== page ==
Mother’s Day Confessions

I’ve never admitted this to anyone but as Mother’s Day rolls around, I’m reminded of the strange disconnect I experienced as a mom. Maybe you can relate. Maybe not. Here’s the story.

As a young adult, motherhood wasn’t on my to-do list. I’d never given it much thought. Neither had my first husband. We were about three years into the marriage when his highschool sweetheart wound up pregnant. As it turned out, he was the father. I left him with her in Muskogee, Oklahoma – can’t say I was terribly disappointed to escape Muskogee or my philandering husband.

Children weren’t on the agenda three years later when I married again. But after a tumultuous six months we had a night of unprotected passion and…our divorce was final the day before my first daughter was born.

Six years later, married again, I gave birth to my second daughter near Alum Creek, Texas. My husband was an accountant for a company that laid oil pipelines, hence Texas. Two years after that, my third sweet girl arrived. By then we’d moved into the eye-blink town of Smithville.

My daughters are the joy of my life. As they were growing up, every year when Mother’s Day approached they went into giggling-hush-hush mode. Breakfast in bed was the highlight. I awoke to chocolate ice cream on Trix cereal one memorable morning.

But I promised a confession and here it is.

Every year it was the same. Amid the hubbub of my own household, I forgot that I also had a mother. It would hit me, perhaps the night before, or the morning of, and I’d panic that I hadn’t given a single thought to honoring that dear woman on her special day. It was too late to mail a card, but with a hurried personal call to the florist in my hometown who was a friend from school, and a Happy Mother’s Day Skype with Mom later in the day, I always covered my dilinquent tracks in time.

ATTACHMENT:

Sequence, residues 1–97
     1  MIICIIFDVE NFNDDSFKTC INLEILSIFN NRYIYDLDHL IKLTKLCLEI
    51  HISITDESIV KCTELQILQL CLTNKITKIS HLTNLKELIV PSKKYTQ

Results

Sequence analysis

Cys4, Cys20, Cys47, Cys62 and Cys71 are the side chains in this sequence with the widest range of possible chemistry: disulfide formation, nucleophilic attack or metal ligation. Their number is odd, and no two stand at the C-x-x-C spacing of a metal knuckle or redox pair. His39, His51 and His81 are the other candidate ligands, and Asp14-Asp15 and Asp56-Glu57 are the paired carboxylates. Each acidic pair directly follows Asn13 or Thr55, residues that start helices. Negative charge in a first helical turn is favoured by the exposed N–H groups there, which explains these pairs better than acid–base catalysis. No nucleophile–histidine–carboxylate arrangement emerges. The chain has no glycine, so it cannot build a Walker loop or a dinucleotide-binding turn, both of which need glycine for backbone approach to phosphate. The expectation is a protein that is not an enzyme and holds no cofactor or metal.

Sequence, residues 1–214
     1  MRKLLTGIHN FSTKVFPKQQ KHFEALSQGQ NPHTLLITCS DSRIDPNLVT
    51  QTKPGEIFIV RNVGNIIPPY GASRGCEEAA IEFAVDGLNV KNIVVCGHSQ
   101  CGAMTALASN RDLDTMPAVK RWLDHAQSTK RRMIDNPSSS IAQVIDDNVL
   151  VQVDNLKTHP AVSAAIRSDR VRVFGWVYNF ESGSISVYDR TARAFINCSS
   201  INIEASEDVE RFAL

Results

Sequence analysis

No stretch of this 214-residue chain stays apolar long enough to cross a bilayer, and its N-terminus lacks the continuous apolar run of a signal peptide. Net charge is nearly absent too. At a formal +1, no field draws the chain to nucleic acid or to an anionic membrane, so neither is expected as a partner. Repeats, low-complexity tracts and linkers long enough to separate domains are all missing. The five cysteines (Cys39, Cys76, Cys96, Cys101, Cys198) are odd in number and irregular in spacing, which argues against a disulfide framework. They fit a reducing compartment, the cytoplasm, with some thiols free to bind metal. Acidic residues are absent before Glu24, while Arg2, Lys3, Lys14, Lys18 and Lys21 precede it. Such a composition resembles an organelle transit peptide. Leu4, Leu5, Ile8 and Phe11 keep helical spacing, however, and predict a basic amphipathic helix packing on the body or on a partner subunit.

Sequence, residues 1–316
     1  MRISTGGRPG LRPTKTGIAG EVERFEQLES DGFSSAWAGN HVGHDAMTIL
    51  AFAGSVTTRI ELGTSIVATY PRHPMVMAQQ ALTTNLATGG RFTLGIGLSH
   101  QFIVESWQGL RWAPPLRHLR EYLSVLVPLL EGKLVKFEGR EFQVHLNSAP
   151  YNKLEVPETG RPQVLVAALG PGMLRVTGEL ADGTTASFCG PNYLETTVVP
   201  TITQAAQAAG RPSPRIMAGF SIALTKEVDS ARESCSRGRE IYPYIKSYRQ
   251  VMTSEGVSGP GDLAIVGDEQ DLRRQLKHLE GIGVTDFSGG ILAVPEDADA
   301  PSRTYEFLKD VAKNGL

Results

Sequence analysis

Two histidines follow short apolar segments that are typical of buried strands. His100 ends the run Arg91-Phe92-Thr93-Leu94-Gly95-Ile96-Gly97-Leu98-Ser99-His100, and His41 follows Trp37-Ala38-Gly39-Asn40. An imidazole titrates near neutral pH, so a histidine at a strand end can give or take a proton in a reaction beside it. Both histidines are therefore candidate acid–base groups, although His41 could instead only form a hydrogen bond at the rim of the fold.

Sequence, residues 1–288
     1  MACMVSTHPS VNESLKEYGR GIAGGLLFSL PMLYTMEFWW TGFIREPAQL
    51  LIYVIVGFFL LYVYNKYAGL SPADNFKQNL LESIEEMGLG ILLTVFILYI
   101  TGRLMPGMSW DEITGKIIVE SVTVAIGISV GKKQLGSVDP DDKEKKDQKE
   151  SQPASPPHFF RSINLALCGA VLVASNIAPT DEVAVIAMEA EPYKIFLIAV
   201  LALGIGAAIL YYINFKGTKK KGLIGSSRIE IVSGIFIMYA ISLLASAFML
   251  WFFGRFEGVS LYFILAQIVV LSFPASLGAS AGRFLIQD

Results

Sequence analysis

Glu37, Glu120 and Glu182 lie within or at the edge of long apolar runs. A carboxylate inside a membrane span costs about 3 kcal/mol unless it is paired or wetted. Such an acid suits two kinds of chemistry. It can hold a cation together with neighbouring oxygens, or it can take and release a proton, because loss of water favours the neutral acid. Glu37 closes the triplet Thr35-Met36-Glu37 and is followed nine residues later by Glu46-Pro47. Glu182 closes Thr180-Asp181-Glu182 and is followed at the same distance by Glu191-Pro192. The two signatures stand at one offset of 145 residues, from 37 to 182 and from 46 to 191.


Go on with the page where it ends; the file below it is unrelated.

Mom passed a year and nine months ago. But it’s strange – as that day approaches and I see promos for flowers or gifts popping up on my phone, I forget that I’m a mother. All my thoughts are of her until one of the girls calls with a cheery, happy Mother’s Day Mamma, and I recall that I’m the matriarch now.

As a result of those chotic, childrearing years, I understand if my kids momentarily forget me. In Bali I’m a day ahead anyway and no one caring for toddlers can be expected to keep in mind the time zone variations of my reality on the other side of the globe. It’s a thrill and a joy whenever I hear from them.

Before I bid you a happy day and get on with mine, I want to mention how freeing and healthy it is to have no expectations. It’s the key to contentment. If you don’t expect something from someone, you won’t be disappointed if it doesn’t materialize. Unmet expectations are at the core of unhappiness.

Here’s wishing you a very happy Mother’s Day whether you hear from your offspring or not! Send your wishes to them first If they have children – jog their memory – remind them that you exist. They’re busy!

4 Comments (+add yours?)

  1. shanemac
    May 09, 2021 @ 19:37:43

    You and your daughters are all so beautiful. Motherhood agrees with you.

    Liked by 1 person

    Reply

  2. fuorg
    May 09, 2021 @ 22:31:17

    HAPPY MOTHERS DAY🌹love karin

    Sent from my iPhone

    >

    Liked by 1 person

    Reply

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